Coincidentally, when I was on my way to Stowe, Vermont I stopped in Barre to check my navigation on the iPhone. A guy walked up to me and struck up a conversation about the bike. He had worked on them and knew all about adjusting the valves on an F650 and other makes as well. He said they would often leave them alone if they were only .001″ out of spec. I prefer to feel righteous about having my valves dead on spec rather than stupid at having wasted a lot of time and effort. But my instincts were right in taking my time before actually getting into the cam tear-down scenario.

A valve that is .001″ out of spec allows you to buy a shim that is .002″ different and bring the clearance right to the middle of the .004″-.006″ tolerance. I think that is the exact scenario it was designed to handle, given the spec and that the shims come in .002″ increments. And…if you are checking the clearances every 6000 miles, like you are supposed to, and at some point make the adjustment like I did, I doubt you will ever see anything more than the .001″.

Stowe, Vermont

If you are going to Stowe to attend a wedding, I recommend riding your motorcycle. I took the occasion to do just that and try out my new Saddlemen TS3200 rear bag.  I had recently adjusted the valves, changed the coolant and put in the 20W50 summer weight oil. The bike was loaded and I ran 32 psi in the front tire and 34 in the rear.


Saddlemen TS3200 bag with the bike rain cover on top of it.

The bag sits on the passenger seat and just clears my back. I can lean back onto it or not. Pretty much ideal in that respect. I have to help my leg bend enough to clear it when getting on and off. I can still open the top box enough to get at the contents pretty well. The bag hangs down over the sides of the seat, but is still well above the exhaust, and it sits just in front of the rear directional lights. It’s held securely with quick-disconnect straps, sort of pulled back against the top box, conforming to the shape of the available space.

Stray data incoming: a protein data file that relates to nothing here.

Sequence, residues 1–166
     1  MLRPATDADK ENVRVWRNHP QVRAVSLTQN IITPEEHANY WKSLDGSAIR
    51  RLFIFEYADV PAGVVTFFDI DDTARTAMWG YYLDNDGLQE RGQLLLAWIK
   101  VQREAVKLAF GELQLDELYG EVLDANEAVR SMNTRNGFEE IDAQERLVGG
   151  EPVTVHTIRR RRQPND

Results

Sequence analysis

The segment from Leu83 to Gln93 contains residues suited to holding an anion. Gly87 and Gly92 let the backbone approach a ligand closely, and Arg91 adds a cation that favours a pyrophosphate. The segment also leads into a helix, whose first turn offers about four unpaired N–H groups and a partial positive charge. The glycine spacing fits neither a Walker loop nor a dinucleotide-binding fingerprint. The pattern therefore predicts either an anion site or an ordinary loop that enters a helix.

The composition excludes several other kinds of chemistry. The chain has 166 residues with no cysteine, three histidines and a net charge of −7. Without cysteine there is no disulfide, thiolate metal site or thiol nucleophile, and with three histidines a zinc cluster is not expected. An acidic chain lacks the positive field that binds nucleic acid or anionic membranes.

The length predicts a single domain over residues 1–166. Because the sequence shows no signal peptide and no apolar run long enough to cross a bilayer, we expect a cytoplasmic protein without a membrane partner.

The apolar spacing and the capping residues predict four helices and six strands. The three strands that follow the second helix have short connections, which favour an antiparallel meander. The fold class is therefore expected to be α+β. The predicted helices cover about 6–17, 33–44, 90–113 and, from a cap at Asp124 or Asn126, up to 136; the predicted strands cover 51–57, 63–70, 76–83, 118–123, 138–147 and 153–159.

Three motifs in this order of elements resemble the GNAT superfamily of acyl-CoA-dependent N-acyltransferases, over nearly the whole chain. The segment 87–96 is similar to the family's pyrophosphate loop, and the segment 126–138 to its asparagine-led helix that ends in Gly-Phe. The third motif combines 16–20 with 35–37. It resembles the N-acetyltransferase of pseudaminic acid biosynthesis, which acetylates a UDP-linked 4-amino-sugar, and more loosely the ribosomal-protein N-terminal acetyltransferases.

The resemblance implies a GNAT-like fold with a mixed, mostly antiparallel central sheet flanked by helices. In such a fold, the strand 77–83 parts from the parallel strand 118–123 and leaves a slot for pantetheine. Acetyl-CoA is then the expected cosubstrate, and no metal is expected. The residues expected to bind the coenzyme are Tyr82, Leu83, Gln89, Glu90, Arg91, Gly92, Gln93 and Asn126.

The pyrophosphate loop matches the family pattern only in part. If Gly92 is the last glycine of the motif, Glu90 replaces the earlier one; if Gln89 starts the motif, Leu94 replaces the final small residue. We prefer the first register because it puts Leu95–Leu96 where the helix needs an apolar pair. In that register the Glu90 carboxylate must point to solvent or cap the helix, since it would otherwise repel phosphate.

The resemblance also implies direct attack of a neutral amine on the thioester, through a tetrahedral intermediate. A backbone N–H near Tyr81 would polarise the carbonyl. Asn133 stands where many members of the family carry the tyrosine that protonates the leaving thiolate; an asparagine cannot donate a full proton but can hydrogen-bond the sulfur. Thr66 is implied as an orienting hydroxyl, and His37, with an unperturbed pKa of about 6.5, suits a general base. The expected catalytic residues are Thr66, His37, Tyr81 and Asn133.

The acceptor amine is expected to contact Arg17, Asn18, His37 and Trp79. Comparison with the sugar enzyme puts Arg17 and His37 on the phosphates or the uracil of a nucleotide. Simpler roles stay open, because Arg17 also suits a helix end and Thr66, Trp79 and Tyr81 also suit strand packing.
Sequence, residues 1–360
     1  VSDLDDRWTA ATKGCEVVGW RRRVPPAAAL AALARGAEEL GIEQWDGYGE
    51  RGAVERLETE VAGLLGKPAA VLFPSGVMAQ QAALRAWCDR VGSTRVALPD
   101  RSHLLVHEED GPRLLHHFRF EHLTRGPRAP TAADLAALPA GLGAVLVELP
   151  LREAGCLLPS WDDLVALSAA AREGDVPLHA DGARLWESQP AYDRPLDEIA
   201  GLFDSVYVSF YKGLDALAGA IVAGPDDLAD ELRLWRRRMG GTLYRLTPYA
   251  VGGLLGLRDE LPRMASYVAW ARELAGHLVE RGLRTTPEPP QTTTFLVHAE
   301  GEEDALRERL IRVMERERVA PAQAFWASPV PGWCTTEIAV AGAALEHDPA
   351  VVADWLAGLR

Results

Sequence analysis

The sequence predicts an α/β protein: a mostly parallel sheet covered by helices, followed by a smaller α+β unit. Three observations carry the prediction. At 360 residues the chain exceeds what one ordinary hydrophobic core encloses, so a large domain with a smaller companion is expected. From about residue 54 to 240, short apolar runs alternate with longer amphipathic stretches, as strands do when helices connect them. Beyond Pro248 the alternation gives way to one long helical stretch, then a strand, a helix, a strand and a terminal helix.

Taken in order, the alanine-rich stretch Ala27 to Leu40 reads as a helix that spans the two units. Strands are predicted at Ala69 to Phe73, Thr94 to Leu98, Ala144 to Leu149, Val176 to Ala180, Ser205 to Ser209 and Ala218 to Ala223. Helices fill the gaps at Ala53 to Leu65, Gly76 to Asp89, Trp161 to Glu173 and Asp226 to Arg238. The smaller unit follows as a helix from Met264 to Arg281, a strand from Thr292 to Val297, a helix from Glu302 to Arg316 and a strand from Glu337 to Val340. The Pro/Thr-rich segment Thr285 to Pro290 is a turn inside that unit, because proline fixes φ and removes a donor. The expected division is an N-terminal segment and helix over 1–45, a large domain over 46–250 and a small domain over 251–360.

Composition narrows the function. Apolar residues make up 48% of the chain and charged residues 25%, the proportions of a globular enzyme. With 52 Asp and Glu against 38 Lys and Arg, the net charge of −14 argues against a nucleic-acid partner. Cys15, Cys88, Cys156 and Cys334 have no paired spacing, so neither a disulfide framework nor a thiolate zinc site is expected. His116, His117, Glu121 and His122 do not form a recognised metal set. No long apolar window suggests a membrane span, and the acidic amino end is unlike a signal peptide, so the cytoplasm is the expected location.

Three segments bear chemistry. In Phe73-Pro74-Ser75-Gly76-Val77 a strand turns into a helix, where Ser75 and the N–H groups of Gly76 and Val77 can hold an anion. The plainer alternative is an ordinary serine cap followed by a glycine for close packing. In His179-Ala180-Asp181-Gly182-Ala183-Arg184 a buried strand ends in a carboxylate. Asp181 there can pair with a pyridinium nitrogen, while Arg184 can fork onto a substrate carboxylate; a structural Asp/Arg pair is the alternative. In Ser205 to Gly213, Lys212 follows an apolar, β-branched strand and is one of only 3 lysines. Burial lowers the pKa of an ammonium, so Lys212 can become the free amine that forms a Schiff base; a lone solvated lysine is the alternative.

The bike is more top heavy when loaded this way but it handles fine once you get rolling.

I was headed to the Field Guide Inn there and got Google Maps to cook up this 123 mile “back roads” route through the mountains northwest of Plymouth, NH and into Vermont. It was a sunny, 70 degree day. Perfect. I wore my Revit Wind summer weight armored jacket my wife recently bought me. Very comfortable all the way up.



Bridge over the Connecticut River between Piermont, NH and Bradford, VT

The roads typically follow small rivers flowing towards the big Connecticut River and I leaned into a lot of curves on the way to Stowe.

I arrived at almost the same time as my wife, who prefers her Infiniti G37X over anything with only two wheels.


The newlyweds

In addition to a great wedding, great food and company, we enjoyed hiking in the area, visiting Moss Pond Waterfall and Bingham Falls in Smuggler’s Notch.


Moss Pond Falls – about 60 feet top to bottom

Stowe is a wonderful place to spend some relaxing time.

On the way home, though, the iPhone radar was showing rain approaching from the west. It was 42 degrees. I layered up and wore the Sedici three-season jacket that I had squirreled away in the TS3200. Also the down mittens with wool liners. Got on I 89 for the short run from Waterbury down to Barre, but the bike felt so good with little wind that I decided to cover some quick miles by staying on the interstate down to New London and then taking NH Route 11 east. I was comfortable running 65-75 mph with an occasional unintended streak near 80 mph. The bike always runs silky smooth in 5th gear and the torque peaks by design at 70-75. I only passed a few vehicles because I was mostly just keeping up with traffic in the right lane.

Stopped for gas and then again for a quick snack. Pulled into the driveway just ahead of some heavy rain. I love radar!

New F650 Seat Cover


The seat had suffered some cosmetic damage way back in the late 1990’s. Also, the cover had started to crack in a couple places. A new seat from BMW is $376. A custom seat from Corbin or Sargent is even more.